"Natural" in that context means "according to natural law", in other words, by the rules of the common law then established, which pretended to divine natural law in the ways court decisions were made.

It is a common mistake to think that "natural-born" is synonymous with "citizen at birth". One can also be naturalized at birth by statute. That was done for John McCain, retroactively by a statute passed after he was born on the soil of the Panama Canal Zone, which was a leasehold, and not U.S. soil. McCain was definitely not "natural-born", no matter what a Senate resolution might say.

So Obama is eligible only if we was born on U.S. soil, which could have been in the airspace above U.S. soil, or in U.S. coastal waters, or on the grounds of a U.S. embassy abroad (U.S. soil by treaty), or perhaps on a U.S. flag vessel at sea in international waters. Not if born in the air over international waters if it was not a U.S. flag aircraft, and not if in the airspace over a foreign country.

All this is actually spelled out with some clarity in U.S. code, which at least on this subject happens to get it mostly right, although it is ambiguous because it doesn't address "natural born" at all. Some people manage to mis-read 8 USC 1401, but that section is not defining "natural born". It is defining "citizen at birth", and it is part of Chapter 12, Subchapter III, Part I, titled Nationality at Birth and Collective Naturalization. Only the first two clauses are about natural birth. The rest are about collective naturalization.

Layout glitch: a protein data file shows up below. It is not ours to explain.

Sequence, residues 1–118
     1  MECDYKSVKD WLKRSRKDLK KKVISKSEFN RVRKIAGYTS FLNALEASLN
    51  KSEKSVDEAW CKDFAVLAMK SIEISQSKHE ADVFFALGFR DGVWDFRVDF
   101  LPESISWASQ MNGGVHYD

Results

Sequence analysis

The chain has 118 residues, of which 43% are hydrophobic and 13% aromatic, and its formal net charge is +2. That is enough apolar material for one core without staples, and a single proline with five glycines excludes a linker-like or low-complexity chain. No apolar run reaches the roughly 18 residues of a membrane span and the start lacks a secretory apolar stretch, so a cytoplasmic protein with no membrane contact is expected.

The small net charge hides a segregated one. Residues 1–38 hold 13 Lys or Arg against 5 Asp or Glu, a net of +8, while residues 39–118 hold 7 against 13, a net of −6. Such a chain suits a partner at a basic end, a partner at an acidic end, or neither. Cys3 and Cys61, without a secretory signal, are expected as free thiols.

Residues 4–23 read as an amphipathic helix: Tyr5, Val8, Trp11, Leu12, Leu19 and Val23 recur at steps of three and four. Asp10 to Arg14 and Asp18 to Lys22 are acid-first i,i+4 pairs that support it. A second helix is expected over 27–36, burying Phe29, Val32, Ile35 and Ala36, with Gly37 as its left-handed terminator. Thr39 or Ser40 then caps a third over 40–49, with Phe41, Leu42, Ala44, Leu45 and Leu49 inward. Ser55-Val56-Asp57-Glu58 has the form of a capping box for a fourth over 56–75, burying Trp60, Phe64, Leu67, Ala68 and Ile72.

A birth certificate is evidence of location and date of birth, and is usually dispositive. However, a "certificate of live birth", which does not show location and date, is not. That is all we seem to have for Obama, and what has been offered is clearly a forgery. More dispositive would be witnesses to the birth. Unless the mother was alone when it happened, there should be some witness, even if no longer alive, who made a record of the event.

The burden of proof of citizenship for purposes of removing an individual from U.S. soil is on the government. However, the burden of proof for purposes of voting or holding office is on the would-be voter or officeholder. Even if the candidate was actually born on U.S. soil, if he can't prove that he should not be deemed eligible. It doesn't have to be proof beyond a reasonable doubt. Likely few of us could offer that. But there does need to be a preponderance of evidence.

There have been some efforts to exclude Obama from the ballot until he proves his eligibility,  but it is useless to try to exclude Obama from the ballot, because it is not Obama that voters vote for. They vote for electors pledged to vote for him. The ballot might show the person to whom they are pledged, but that pledge has no legal status. The same people could be said to be pledged to vote for Mickey Mouse, when everyone knows that Mickey Mouse is a pseudonym for Obama. Or to some real person. Nothing prevents them from voting for anyone else when the time comes.

The only points at which an ineligible candidate might be blocked is (1) the counting of the elector's votes; (2) the certification of the elector's votes by Congress; and (3) inauguration. None of those points are subject to the orders of a court. For each of them, enforcement depends on the people involved voluntarily following the Constitution. Nothing can make them if they choose not to do so.